The countdown now begins towards whether or not an Albanian family that was recently deported will be granted citizenship.
Vísir reports that the deported family, who are currently in Albania, have had to gather documentation for the parliamentary Judicial Affairs and Education Committee. This committee, which has already received the family’s application for citizenship, now has criminal background checks, birth certificates and their marriage certificate, amongst other documentation.
As such, the committee now has all the documentation they need from this family in order to decide whether or not draft and submit a bill which, if approved, would grant this family citizenship. Time is of the essence, as the Christmas break for parliament will begin soon.
As reported, sources close to RÚV have said that the family has a very good chance of receiving citizenship. Committee chairperson Unnur Brá Konráðsdóttir told Vísir that they received an application for citizenship from the family, but did not comment on the actual willingness of committee members to accept the application. She added that while citizenship is officially granted in December and in the spring, the committee can make the decision to grant an individual or individuals citizenship at any time.
Several families from Albania and Macedonia, who had sought asylum in Iceland, were deported last week in the middle of the night. One of the Albanian families has a three-year-old son with cystic fibrosis, and an Icelandic doctor has said that deporting this family back to Albania is tantamount to a death sentence. This is the family in question that may now very likely receive Icelandic citizenship.
While the family originally appealed their case to the Immigration Appeals Board, UTL Director Kristín Völundardóttir – who has in the past compared asylum seekers to tourists looking for free lodging and food – told RÚV that the family withdrew their appeal and asked to be deported.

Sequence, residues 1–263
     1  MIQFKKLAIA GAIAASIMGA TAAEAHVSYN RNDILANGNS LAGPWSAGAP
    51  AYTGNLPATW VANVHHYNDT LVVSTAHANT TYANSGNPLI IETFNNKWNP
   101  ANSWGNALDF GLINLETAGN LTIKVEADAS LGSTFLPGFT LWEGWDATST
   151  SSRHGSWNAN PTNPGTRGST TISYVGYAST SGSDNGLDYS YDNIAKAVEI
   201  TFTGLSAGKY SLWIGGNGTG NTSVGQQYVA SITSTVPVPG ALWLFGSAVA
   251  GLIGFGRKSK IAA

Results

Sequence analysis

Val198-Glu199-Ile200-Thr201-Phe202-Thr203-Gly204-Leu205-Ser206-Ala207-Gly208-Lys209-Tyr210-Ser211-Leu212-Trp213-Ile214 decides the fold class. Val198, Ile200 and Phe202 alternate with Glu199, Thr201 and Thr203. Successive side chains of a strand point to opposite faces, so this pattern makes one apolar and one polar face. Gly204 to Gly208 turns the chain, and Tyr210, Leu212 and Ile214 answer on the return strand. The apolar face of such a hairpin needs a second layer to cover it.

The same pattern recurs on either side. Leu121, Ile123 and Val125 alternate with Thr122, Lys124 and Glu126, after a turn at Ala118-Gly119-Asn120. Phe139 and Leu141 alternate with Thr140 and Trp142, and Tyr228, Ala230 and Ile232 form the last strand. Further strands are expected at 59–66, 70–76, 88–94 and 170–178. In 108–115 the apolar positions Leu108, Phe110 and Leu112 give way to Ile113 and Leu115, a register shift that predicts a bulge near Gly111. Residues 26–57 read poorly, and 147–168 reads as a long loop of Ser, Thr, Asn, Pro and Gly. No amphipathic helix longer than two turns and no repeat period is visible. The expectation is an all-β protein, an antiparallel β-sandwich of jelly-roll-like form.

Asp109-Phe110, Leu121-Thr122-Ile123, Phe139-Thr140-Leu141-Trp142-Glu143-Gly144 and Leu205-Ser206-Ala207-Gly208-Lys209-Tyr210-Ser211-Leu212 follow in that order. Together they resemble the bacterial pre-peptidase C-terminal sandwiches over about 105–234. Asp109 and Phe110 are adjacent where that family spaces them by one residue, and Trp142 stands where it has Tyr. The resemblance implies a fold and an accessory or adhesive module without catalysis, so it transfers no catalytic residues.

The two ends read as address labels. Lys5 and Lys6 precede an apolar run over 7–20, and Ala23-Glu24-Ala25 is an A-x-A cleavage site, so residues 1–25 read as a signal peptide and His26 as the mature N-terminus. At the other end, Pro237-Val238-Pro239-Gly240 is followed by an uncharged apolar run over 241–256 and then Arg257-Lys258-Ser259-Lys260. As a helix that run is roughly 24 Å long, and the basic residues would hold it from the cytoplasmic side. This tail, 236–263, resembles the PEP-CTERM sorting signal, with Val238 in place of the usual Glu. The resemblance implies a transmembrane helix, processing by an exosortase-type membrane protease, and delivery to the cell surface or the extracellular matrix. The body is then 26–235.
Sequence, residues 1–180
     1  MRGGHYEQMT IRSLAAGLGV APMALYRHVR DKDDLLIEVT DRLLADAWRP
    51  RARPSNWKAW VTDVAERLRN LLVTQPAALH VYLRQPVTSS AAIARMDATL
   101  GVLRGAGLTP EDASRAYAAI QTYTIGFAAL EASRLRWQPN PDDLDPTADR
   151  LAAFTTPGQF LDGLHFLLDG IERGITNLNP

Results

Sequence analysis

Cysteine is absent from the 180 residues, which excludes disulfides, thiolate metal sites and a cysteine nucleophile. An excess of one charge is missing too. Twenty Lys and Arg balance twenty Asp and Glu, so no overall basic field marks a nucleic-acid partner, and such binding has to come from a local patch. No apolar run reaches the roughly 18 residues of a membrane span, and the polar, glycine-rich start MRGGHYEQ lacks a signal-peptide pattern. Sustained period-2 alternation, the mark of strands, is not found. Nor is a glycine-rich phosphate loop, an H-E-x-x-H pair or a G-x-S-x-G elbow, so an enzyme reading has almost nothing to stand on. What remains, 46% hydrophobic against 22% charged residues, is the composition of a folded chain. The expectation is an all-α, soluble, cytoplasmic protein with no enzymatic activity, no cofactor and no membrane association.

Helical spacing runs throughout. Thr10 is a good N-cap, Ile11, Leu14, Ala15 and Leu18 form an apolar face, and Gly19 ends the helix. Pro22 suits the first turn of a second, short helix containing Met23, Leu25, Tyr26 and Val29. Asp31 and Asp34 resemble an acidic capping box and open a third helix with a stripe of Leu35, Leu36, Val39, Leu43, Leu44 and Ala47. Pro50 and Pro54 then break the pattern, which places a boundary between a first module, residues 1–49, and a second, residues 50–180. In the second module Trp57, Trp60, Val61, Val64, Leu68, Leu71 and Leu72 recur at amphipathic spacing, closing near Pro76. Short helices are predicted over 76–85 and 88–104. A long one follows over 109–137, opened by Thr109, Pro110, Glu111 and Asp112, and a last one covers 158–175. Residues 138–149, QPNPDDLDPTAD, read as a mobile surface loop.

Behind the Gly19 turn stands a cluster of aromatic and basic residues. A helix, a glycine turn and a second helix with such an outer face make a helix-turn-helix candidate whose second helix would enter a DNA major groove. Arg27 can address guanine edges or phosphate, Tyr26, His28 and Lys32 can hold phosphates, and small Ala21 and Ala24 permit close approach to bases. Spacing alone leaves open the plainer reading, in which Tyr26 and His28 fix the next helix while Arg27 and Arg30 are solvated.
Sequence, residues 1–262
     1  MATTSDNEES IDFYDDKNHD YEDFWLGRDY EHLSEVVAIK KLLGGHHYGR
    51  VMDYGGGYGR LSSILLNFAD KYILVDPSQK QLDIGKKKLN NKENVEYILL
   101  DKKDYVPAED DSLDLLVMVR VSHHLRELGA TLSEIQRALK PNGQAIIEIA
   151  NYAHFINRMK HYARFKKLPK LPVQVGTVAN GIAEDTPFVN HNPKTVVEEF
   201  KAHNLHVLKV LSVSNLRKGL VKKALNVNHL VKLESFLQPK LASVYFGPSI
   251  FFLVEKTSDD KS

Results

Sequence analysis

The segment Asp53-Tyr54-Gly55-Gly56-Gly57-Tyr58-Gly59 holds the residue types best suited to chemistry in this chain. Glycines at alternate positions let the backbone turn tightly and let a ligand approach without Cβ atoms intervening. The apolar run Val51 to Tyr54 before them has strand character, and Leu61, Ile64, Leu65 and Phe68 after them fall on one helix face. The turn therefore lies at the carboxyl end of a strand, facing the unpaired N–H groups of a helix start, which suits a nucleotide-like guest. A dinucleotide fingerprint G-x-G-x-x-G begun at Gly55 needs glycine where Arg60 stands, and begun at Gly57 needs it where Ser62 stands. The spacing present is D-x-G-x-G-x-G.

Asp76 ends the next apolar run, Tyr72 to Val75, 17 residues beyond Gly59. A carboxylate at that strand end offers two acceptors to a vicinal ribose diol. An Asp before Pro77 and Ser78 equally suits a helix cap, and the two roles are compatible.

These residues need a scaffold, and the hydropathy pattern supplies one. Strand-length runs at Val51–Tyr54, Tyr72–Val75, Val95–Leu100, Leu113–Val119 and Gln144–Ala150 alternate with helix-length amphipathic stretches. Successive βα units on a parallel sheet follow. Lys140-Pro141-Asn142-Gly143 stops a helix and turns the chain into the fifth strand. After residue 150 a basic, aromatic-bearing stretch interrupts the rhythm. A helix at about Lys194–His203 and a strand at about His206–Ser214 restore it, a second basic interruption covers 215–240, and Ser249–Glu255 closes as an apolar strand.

However, Vísir reports that the family only made this decision after they were told that their one-year-old son will not be receiving the medical attention he needs here in Iceland.
The deportation has already sparked strong criticism. Icelanders across social media are expressing anger and sadness at the decision, and politicians from numerous parties have chimed in, many of them saying the decision fills them with shame.
As it stands, there is some discrepancy between how the family says their case was handled, and their attorney’s take on the matter. While the father of the family told RÚV their own lawyer advised them to withdraw their appeal, the lawyer in question, Arndís A. K. Gunnarsdóttir, contends the opposite.
As such, a petition has been circulating calling for Minister of the Interior Ólöf Nordal to resign. It has gathered over 6,000 signatures at the time of this writing.
For her part, Vísir reports that Ólöf told parliament that she has sent formal letters to both the Directorate of Immigration and the Red Cross asking how these cases were processed.
“If a lack of trust builds up in sensitive cases such as this, which concerns the life and well-being of people, then we have a serious problem on our hands,” Ólöf told attendees of a Christmas mass held in Hafnarfjarðarkirkja church last night. “I am listening, and will do everything in my power to build that trust.”